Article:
For almost the entire seven years I was at the MS Society, we struggled with the Department of Health over funding of the only drugs then known to improve the course and outcome of the disease. I named it the Beta Interferon War - it was often a guerrilla conflict and sometimes exploded into setpiece battles through Parliament or the media.
A couple of years into the argument, Nice, the National Institute for Health and Clinical Excellence, was created to deal with the cost and value of treatments.
On one side stood the charities, the medics and the pharmaceutical industry; on the other, the professional appraisers, the economists and, ultimately, the Treasury.
The chairman of Nice, first in private and then in public, claimed that my charity was in the pocket of the industry. I was incandescent and, eventually - and on the record - he retracted his claim. He had mistaken the fact that we were struggling for the same result for a closer affinity.
We did receive donations from the industry, but in the scale of our income they were trivial; even if the opportunity had arisen, would we have sacrificed four decades of integrity for small, transient grants? Like all three health charities I have worked for, this one acknowledged public concern about industry links by publishing details of its grants in its annual report.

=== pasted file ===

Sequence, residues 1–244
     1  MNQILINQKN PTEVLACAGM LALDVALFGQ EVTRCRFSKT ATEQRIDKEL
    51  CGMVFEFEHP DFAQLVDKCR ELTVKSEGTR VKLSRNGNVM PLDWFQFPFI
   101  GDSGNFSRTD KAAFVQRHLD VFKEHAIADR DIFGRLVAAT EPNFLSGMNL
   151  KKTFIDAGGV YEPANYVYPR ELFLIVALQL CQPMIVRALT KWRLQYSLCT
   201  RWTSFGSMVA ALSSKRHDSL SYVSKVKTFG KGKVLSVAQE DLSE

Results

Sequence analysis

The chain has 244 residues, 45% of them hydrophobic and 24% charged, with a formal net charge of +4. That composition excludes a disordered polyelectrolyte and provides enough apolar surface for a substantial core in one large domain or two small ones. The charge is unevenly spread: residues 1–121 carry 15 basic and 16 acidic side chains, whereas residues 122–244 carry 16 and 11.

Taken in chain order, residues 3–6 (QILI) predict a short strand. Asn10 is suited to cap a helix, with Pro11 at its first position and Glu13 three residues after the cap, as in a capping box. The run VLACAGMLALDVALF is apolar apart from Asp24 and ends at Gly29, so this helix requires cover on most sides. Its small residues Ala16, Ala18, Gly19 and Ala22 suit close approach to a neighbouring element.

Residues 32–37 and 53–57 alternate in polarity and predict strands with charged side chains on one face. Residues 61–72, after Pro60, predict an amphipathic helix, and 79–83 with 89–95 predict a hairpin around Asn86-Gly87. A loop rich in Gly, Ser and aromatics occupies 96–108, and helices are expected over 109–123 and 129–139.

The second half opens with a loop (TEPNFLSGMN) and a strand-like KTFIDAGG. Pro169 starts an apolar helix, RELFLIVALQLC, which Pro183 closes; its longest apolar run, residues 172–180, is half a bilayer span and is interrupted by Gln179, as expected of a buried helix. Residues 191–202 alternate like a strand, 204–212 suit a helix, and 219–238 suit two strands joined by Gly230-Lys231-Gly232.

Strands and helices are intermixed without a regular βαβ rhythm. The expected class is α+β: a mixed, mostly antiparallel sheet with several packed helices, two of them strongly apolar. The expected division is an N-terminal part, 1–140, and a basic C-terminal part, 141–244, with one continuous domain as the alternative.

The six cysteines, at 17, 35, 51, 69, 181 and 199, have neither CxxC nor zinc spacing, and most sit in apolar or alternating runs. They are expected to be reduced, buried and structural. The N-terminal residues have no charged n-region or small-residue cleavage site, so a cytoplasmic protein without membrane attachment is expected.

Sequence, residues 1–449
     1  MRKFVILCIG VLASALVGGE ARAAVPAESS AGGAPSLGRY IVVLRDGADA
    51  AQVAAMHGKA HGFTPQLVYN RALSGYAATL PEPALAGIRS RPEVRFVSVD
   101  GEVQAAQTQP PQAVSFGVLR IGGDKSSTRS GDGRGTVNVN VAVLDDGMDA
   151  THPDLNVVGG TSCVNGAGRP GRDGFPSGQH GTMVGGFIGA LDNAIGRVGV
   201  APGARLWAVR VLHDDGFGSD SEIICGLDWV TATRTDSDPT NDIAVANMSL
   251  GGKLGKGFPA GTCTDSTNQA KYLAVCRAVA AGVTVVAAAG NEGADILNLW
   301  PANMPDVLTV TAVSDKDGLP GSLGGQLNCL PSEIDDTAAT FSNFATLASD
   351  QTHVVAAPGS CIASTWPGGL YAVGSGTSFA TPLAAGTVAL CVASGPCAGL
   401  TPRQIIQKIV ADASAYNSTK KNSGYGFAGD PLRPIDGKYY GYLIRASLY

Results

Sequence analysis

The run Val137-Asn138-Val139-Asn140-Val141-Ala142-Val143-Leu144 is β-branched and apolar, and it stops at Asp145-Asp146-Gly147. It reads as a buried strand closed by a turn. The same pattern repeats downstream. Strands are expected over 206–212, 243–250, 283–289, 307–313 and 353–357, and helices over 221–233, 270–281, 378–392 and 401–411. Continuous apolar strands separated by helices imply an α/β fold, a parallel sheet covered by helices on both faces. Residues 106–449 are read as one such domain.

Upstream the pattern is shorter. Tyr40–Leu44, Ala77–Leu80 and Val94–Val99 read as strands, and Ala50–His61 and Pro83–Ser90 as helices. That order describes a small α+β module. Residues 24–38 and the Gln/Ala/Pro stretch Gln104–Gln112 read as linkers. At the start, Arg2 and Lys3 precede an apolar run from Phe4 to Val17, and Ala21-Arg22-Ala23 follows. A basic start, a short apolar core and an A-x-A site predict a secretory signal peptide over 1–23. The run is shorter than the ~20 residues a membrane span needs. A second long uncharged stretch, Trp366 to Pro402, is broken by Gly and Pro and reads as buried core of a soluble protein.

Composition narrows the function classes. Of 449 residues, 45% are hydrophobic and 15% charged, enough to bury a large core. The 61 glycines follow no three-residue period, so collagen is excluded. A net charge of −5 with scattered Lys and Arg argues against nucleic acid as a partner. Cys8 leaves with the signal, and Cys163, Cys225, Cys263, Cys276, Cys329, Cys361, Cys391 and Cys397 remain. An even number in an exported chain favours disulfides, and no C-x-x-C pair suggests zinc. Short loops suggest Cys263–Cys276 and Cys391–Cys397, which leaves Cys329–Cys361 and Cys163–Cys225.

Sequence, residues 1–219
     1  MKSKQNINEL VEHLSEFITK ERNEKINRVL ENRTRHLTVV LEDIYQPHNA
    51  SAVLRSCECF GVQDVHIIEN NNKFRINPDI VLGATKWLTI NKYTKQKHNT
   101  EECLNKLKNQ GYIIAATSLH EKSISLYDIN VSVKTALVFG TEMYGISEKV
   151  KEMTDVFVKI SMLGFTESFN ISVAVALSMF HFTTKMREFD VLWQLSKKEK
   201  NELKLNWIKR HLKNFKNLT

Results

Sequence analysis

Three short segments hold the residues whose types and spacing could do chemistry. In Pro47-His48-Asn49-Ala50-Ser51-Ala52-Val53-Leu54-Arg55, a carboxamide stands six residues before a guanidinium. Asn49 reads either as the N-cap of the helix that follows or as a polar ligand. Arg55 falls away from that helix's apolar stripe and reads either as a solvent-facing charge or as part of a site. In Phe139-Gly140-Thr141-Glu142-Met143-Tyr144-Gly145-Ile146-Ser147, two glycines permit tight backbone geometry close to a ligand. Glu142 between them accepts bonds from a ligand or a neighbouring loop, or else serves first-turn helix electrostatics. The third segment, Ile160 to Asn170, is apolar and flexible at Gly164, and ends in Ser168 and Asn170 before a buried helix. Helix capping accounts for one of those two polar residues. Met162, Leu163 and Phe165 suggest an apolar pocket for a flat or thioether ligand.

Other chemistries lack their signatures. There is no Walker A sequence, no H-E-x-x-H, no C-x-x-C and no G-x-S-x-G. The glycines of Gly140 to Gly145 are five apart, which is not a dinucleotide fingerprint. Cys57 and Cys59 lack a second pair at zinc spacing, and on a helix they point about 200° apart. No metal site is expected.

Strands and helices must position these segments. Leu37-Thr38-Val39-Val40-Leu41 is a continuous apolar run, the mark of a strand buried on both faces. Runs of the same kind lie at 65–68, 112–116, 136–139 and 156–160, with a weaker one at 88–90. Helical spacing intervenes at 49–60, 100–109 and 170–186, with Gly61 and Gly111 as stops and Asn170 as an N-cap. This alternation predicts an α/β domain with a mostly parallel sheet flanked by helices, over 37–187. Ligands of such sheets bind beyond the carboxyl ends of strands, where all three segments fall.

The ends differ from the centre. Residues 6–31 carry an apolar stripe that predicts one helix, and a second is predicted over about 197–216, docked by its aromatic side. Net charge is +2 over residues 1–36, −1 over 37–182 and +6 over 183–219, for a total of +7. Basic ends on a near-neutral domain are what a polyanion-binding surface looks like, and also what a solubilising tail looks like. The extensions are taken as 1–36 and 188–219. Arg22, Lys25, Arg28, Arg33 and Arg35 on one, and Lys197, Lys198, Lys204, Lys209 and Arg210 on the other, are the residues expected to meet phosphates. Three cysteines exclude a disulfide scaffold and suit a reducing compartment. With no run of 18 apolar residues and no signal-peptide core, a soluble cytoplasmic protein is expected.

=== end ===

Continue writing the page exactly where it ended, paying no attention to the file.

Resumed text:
Last week, The Times splashed the results of its investigation into the 300 or so all-party parliamentary groups. Much of the information was already in the public domain, but the general impression is that a large proportion of the APPGs are financed or serviced, or both, by industrial interest groups and were thus open to their influence. Given less prominence was the fact that many APPGs have the same relationship with charities and other non-profit bodies.
Closer examination by The Times could have shown that the parliamentary activities of a number of charities are in turn funded by industry. Since many donors don't like supporting political activity, charities struggle to resource this activity and are glad of the support of third parties.
Let's assume they all reject any shaping of their priorities by donors and that they refuse to concede any editorial control - the impression can still exist that they are in the pockets of their backers. Charities need to be principled about their involvement with APPGs, just as parliamentarians need to be aware of whose messages they are endorsing.